Summary: Syd is Knox’s proxy, meaning that he will take the punishment for anything that his privileged patron, Knox, does. On the run from Knox’s father and the society that will have Syd pay for Knox’s infractions, they both flee across the country in hopes of finding a secret society of rebels where they can both find freedom.
Thoughts: This review is long overdue!! I read Proxy a while back, and ever since, I’ve been recommending it to anyone who asks me “what should I read?” and even buying it for my friends and forcing them to read it. This is one of my favorite books ever, and not only because of how awesome and well-written it is, or because it made me cry. This book brings to light such an interesting concept of debt and punishment and how whatever privileges you’re offered, there is someone out there paying the price for them. I loved Syd and Knox, even though I wasn’t a huge fan of Knox at the start. By the end, his character development was a perfect arc from rich-boy asshole to a human being ready to stand up and claim personal responsibility for his past and actions. Proxy is thought-provoking and action-packed and funny yet intense. I appreciated the racial diversity and the LGBT elements and I highly recommend you read this book. I’d go so far as to say it should be required reading for everyone. If you don’t know what a brain feels like when it cries, then you will after you’ve read Proxy. That’s all I’ve got to say. Happy reading!
Summary: Despite the nightmares and hallucinations, sixteen-year-old Evie lives a pretty charmed life until the apocalypse decimates the world. She soon finds herself fighting alongside her “bad boy” classmate to survive, while journeying across the country to find her grandmother – who may or may not be alive – since she had once prophesied the apocalypse and Evie’s role in saving the world.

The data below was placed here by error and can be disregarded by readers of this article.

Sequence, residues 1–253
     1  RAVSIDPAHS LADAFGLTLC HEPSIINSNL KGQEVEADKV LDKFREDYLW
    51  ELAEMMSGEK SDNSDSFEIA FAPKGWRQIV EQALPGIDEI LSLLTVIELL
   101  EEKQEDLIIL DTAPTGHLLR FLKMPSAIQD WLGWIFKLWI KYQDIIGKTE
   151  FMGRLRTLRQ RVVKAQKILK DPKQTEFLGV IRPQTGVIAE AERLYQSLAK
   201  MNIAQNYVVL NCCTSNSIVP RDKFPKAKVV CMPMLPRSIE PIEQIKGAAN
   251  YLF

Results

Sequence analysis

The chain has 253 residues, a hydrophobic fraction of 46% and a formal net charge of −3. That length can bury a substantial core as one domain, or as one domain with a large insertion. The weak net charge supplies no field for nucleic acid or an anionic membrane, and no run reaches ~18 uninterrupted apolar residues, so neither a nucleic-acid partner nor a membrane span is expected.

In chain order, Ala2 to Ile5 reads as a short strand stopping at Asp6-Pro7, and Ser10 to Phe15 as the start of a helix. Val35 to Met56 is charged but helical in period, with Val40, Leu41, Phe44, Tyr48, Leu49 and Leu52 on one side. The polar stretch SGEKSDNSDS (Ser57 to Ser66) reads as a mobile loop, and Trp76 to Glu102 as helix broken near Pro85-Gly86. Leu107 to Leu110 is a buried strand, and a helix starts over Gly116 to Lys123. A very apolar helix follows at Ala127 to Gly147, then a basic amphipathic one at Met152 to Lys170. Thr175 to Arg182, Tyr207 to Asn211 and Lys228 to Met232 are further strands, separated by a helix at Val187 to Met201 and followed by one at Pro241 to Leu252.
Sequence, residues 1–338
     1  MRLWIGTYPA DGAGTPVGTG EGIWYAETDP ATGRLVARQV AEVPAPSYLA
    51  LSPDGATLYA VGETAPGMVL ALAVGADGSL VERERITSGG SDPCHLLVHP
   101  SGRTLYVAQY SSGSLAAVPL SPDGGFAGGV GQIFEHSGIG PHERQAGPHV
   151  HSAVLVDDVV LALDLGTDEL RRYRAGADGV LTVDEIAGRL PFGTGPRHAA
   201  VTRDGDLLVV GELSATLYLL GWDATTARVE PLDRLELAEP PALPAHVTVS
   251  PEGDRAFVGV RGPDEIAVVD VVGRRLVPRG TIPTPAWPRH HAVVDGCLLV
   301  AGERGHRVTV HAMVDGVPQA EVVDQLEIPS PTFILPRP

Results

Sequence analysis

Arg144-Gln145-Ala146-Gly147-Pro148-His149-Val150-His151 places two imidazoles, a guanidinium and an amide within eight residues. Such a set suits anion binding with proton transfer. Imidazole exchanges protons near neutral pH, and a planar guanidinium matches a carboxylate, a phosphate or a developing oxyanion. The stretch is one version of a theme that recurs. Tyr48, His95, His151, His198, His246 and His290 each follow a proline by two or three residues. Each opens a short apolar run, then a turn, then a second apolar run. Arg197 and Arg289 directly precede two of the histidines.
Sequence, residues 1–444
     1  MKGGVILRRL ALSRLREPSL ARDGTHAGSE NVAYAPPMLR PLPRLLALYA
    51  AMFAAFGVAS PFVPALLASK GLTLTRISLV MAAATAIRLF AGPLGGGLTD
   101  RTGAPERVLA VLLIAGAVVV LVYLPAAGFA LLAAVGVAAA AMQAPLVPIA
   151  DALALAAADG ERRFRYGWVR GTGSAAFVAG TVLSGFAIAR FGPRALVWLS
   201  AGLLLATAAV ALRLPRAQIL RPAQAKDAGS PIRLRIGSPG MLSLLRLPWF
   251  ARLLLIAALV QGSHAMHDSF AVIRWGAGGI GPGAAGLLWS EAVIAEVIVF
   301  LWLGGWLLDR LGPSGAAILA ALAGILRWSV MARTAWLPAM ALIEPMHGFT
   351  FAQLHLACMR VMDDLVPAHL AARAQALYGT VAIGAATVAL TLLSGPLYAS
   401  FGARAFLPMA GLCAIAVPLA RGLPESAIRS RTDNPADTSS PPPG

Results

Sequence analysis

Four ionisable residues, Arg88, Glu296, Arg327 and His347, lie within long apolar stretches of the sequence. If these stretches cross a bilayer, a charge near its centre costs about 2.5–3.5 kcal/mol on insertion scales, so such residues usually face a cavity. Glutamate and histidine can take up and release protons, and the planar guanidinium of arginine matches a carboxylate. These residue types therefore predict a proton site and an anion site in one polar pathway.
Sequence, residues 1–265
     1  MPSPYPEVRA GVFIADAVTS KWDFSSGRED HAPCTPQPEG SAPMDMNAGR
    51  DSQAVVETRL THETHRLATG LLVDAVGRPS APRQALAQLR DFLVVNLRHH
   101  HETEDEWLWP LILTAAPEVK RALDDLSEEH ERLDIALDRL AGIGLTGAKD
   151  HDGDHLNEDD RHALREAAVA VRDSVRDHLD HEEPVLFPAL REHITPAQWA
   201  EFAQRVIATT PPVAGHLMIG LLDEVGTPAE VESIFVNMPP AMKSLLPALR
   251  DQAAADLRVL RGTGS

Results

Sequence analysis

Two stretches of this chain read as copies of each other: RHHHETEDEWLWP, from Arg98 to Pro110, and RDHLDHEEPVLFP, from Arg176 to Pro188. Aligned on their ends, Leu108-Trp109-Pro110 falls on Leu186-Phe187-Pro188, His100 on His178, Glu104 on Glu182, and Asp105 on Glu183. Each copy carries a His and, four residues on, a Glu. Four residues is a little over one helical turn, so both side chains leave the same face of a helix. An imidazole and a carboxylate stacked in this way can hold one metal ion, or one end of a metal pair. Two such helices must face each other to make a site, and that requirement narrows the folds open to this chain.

Thoughts: I really wanted to DNF after the first couple of chapters. The story wasn’t the kind of story I usually enjoyed reading, and Evie wasn’t my kind of heroine and I was very thrown off by the many cliches, mainly that of the “good girl crushes on bad boy” romance thing that was about to go down. Until the apocalypse hit, and I was so glad I didn’t DNF! I really ended up enjoying the story way more than I expected. So much so that Evie started to grow on me by the end and I was really sorry when the story ended the way it ended. Poor Evie, but excellent character development. As for Jackson, the bad boy love interest – what I loved most about him was that he was Cajun French. Not something I find a lot in YA. What I didn’t enjoy was the way that the Cajun French students were stereotyped in the book as poor, uneducated and rude. I understand they’re coming from the other side of the bayou, but really??? I couldn’t help but draw parallels to Gambit from the X-Men animated series at some points. Which I loved when it worked, not so much when Jackson fell short of the mark. He read like Gambit but without the charm and with extra spoonfuls of useless violence and anger. Despite all these things, the story has solid world-building and excellent pacing. If you make it past the first 30% of the book, and bear in mind that Evie will at some point stop sounding like an annoying spoiled brat, you will get to enjoy this book because the ending is worth it and the premise is actually very interesting despite the fact that some scenes made me laugh and roll my eyes.